By Bill Primavera
Our homes are where we eat, sleep, play, sometimes work and store things we’ve finished using but somehow can’t bear to throw away.
There are many reasons we may want to hold on to stuff we no longer need, but where do we put it all?
Granted, some homeowners achieve living on the light side where nothing is hidden and what you see is what you get. Or, they’ve gotten religion just before the sale of a home.
As a real estate agent, I advise my seller clients that homes on the market that show best are those where all the traditional storage spaces – the attic, basement, garage and large closets – are bare. Granted, I know that can cause apoplexy just thinking about it.
In my last home, an 18th century colonial with a huge attic within a high-pitched roof, the space looked like a commercial storage facility, but not as neat. When we decided to sell that home more than five years ago, we cleaned out the attic but hired a crew to clean out our basement, which had been packed with stuff from cement floor to beams overhead. There was clear evidence there of many different careers and lifetimes, including those of our parents and grandparents, along with tools and leftover materials from house renovation.
One helper took me aside and told me how dangerous it was to have saved enamel paint and paint thinner so close to the boiler. Fortunately, it was before I started writing as The Home Guru, so I was only half, instead of totally, embarrassed.
At first, it was a visceral experience to instruct the workers what to throw out for bulk pick up. But as the project wore on and I wore out, memories were discarded wholesale. It felt liberating.
Actually, my wife is the more practical one between us. When she took charge for having our garage cleaned out prior to the move, she was asked by a worker what he should save. She responded, “Just keep the cars.”
My propensity to hang on to stuff started young. Maybe I had thought that someday I would be so famous that future generations would want some piece of who I was and what I did in life. But since I turned out to be just an ordinary guy, I have no excuse.
It all started when I was an adolescent and my mother gave me a white envelope on which was written, “My Son William’s First Haircut, Aged 2.” Inside were titian red curls that bear little resemblance to my hair today. It was a real curiosity for me.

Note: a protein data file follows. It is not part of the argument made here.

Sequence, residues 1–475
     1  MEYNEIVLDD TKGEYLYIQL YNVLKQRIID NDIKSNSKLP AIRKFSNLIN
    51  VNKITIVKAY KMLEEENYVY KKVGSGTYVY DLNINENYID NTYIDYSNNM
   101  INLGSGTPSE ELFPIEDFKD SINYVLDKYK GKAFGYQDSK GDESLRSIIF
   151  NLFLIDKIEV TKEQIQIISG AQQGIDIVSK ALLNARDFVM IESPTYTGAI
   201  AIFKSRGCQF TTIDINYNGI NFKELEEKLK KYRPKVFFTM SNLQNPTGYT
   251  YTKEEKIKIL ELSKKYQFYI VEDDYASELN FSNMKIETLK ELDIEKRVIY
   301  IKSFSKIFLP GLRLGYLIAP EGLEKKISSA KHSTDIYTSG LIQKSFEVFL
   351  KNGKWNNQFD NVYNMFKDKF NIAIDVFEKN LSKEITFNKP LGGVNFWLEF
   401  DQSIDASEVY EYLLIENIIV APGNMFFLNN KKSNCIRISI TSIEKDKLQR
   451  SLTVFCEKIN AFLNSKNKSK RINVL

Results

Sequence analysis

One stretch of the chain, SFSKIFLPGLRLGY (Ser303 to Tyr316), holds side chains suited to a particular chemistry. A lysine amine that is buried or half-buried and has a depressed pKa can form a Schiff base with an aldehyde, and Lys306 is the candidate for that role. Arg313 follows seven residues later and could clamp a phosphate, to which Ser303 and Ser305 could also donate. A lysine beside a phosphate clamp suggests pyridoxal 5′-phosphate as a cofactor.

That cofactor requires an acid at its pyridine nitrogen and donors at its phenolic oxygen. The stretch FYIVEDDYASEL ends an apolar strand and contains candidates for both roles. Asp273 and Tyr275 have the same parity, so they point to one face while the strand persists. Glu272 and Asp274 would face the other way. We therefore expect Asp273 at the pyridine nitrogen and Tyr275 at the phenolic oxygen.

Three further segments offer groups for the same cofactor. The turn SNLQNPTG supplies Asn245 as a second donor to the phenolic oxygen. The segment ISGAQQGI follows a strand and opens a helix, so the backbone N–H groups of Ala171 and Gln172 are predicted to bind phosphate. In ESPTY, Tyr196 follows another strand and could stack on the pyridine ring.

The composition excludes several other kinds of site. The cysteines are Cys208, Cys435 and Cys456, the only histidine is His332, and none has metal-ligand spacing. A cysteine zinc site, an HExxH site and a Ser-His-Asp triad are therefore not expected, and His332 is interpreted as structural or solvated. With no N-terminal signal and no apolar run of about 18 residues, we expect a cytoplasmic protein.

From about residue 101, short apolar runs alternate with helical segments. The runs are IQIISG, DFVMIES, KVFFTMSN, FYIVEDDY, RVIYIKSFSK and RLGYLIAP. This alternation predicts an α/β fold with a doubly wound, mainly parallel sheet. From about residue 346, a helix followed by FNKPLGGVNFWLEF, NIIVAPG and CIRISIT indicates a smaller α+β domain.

That was the first item I tucked away in a sturdy cardboard box that originally housed Florida oranges we would receive each Christmas from my Aunt Helen. Through the years, that box accommodated all my other official documents from my birth certificate to a special blessing from the Pope (my wife had connections) when my wife and I married. Since then, that one box has multiplied like loaves and fishes.
By the time I was a teenager, I was collecting books and phonograph records before the time of downloading audio files, never thinning them out and always saving them. (Anybody want a rare collection of impressive 33 rpms from the ‘60s?)
By the time I married, I went to work for Polaroid when it was big in photography, well before the days of digital images. I documented every move my family and I made, starting with our honeymoon, and still have boxes and boxes of pictures.
Then my wife and I started collecting things together, and by the time we got into the antiques business part-time, the floodgates opened. We never got to the point of hoarding and our house was always tidy, but we never really organized our storage of the things we didn’t have room to display.
As homes get downsized, efficient storage is more important, and today, there are many resources for creative solutions for tucking things away.
The internet and big-box retailers are rich with the tools needed to store things properly. Home Depot boasts a wide assortment of containers for the garage or outdoor shed.
For those who need industrial strength help with storage, there is always the great PODS concept (www.pods.com), which has a slogan of “The Best Moving & Storage Idea Ever.” I’m inclined to agree. While the company will deliver a POD to a private home for “temporary” storage during house renovation or preparing for a move, I have seen them stay on properties seemingly indefinitely, and there may be some local ordinances discouraging that.
If I were to dispense any advice about storage, it would be as simplistic as to suggest that we should all better manage what we collect in the first place. Now, if only I were able to accept that advice years ago.
Bill Primavera, while a writer and public relations practitioner, is also a licensed realtor (PrimaveraHomes.com) affiliated with William Raveis and a marketing practitioner (PrimaveraPR.com). Anyone considering selling or buying a home and seeking expert advice can reach Bill directly at 914-522-2076.